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can art help heal?
about museums in "red states" reaching out to audiences
institutions  community  outreach  engagement  values  principles  ideology 
7 days ago by droitcour
The Violence Trap: A Political-Economic Approach to the Problems of Development by Gary W. Cox, Douglass C. North, Barry R. Weingast :: SSRN
Why do developing countries fail to adopt the institutions and policies that promote development? Our answer is the violence trap. Key political reforms — opening access and reducing rents — are typically feasible only when the domestic economy reaches a given level of complexity (for reasons we specify); yet complex economies typically can emerge only when key political reforms are already in place (for standard reasons). The interdependence of political reform and economic complexity entails violence because, as we show, unreformed polities lack adaptive efficiency. The literature sparked by Lipset’s modernization thesis has operationalized “economic development” as a higher GDP per capita. Building on Steuart, we view development as creating a more complex economy whose workings will be more seriously disrupted by political violence. Empirically, we show that economic complexity (as measured by the Hidalgo-Hausmann index) strongly deters coups, even controlling for GDP per capita and level of democracy.
book  political_economy  economic_history  institutions  social_structure  world_trends 
9 days ago by rvenkat
Violence and Social Orders
All societies must deal with the possibility of violence, and they do so in different ways. This book integrates the problem of violence into a larger social science and historical framework, showing how economic and political behavior are closely linked. Most societies, which we call natural states, limit violence by political manipulation of the economy to create privileged interests. These privileges limit the use of violence by powerful individuals, but doing so hinders both economic and political development. In contrast, modern societies create open access to economic and political organizations, fostering political and economic competition. The book provides a framework for understanding the two types of social orders, why open access societies are both politically and economically more developed, and how some 25 countries have made the transition between the two types.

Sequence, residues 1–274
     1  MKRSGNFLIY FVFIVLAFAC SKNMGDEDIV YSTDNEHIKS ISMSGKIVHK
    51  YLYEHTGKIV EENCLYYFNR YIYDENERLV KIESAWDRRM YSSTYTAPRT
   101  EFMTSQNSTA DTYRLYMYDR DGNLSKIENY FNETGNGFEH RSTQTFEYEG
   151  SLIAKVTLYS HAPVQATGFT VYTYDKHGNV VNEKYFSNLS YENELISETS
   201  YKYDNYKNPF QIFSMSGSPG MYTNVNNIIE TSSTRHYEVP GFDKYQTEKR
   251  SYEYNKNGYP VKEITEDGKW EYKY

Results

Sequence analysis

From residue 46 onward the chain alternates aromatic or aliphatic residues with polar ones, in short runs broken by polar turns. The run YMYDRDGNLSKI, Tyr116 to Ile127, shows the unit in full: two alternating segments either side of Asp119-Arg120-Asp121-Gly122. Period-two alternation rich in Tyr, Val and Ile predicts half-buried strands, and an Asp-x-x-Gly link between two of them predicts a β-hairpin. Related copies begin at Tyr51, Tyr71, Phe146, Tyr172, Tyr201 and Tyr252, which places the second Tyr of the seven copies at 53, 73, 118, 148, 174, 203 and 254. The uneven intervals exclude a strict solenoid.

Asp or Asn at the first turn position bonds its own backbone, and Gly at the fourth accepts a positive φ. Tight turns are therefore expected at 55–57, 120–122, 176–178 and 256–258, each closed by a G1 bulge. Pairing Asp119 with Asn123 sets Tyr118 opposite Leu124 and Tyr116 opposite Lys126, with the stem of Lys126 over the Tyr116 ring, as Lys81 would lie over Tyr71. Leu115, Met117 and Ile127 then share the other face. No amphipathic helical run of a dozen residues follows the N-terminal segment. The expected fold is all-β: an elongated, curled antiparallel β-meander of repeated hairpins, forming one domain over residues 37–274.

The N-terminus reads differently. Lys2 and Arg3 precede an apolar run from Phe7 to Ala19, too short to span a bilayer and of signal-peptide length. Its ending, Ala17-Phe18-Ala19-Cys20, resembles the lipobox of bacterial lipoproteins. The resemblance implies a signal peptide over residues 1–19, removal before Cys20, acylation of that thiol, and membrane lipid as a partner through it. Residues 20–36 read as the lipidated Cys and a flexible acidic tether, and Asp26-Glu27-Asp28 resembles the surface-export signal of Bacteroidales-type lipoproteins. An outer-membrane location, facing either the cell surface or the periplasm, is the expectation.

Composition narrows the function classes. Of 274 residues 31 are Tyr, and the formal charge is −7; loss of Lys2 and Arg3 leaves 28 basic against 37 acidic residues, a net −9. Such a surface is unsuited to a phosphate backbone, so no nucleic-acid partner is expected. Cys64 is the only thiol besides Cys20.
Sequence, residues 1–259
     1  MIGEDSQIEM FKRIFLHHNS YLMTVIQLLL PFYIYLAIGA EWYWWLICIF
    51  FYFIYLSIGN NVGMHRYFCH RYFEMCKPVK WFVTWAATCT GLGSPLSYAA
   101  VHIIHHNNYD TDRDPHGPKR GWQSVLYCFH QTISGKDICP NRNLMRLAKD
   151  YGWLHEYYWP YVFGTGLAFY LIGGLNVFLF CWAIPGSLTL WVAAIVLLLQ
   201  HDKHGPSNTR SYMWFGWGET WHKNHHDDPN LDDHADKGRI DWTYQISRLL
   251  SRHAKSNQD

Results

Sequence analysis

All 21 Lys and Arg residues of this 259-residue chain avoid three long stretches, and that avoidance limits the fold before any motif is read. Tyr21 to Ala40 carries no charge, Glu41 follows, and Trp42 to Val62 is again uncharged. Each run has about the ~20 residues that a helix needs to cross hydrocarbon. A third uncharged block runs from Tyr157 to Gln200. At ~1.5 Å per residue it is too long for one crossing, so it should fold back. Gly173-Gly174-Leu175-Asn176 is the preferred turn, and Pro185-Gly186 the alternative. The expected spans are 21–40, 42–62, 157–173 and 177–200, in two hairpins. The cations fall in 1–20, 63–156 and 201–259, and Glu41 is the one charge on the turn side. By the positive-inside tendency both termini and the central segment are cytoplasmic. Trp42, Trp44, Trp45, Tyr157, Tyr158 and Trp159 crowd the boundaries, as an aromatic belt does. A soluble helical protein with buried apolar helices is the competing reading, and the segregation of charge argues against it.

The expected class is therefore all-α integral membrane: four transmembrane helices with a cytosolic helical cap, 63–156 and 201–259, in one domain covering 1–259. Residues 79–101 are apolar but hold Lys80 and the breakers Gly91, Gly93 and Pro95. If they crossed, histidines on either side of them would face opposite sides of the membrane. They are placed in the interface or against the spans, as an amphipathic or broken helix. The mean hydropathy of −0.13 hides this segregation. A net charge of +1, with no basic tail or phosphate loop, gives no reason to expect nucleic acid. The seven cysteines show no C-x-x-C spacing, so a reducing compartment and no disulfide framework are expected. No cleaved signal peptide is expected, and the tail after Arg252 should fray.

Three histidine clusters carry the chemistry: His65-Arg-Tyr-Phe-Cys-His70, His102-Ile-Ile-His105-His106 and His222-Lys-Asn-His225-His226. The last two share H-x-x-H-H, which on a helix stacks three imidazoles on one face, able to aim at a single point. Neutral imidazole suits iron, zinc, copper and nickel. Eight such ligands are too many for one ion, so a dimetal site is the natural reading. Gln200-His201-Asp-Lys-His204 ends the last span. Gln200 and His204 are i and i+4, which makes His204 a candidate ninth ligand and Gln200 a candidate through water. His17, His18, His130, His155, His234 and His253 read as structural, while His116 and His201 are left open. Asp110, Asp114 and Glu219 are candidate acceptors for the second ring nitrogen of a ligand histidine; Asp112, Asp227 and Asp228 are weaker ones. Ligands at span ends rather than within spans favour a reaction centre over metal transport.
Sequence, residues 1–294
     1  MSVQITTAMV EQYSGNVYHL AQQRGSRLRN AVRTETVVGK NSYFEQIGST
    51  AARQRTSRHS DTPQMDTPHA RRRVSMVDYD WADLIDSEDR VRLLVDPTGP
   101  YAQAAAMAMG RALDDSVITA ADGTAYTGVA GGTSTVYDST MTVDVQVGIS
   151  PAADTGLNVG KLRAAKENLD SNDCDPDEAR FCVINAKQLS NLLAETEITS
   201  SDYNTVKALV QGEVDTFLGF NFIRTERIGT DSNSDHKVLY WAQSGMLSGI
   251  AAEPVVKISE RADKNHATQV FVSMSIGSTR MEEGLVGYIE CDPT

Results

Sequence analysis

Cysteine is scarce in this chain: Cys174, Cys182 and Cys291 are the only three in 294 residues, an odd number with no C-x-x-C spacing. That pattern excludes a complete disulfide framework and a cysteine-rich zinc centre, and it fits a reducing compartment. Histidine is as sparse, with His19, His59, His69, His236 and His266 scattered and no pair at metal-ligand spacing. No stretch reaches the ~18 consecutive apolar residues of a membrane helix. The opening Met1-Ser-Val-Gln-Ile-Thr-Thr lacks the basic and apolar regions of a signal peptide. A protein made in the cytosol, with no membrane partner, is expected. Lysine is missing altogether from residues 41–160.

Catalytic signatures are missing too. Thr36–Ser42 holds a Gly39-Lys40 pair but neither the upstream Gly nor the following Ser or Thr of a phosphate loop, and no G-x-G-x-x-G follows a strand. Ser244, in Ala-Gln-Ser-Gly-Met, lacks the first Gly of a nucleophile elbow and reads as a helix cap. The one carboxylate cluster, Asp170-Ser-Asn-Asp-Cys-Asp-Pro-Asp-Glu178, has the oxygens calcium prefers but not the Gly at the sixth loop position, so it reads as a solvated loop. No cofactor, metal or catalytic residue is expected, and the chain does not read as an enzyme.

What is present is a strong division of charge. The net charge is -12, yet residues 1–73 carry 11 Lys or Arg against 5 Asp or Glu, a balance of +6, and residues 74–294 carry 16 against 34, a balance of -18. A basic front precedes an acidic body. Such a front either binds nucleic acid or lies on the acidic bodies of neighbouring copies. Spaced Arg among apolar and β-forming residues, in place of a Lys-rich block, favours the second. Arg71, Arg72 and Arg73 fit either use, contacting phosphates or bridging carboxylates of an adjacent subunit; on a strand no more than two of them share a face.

book  political_economy  economic_history  institutions  social_structure  world_trends 
9 days ago by rvenkat
Are Ideas Getting Harder to Find?
In many growth models, economic growth arises from people creating ideas, and the long-run growth rate is the product of two terms: the effective number of researchers and their research productivity. We present a wide range of evidence from various industries, products, and firms showing that research effort is rising substantially while research productivity is declining sharply. A good example is Moore's Law. The number of researchers required today to achieve the famous doubling every two years of the density of computer chips is more than 18 times larger than the number required in the early 1970s. Across a broad range of case studies at various levels of (dis)aggregation, we find that ideas — and in particular the exponential growth they imply — are getting harder and harder to find. Exponential growth results from the large increases in research effort that offset its declining productivity.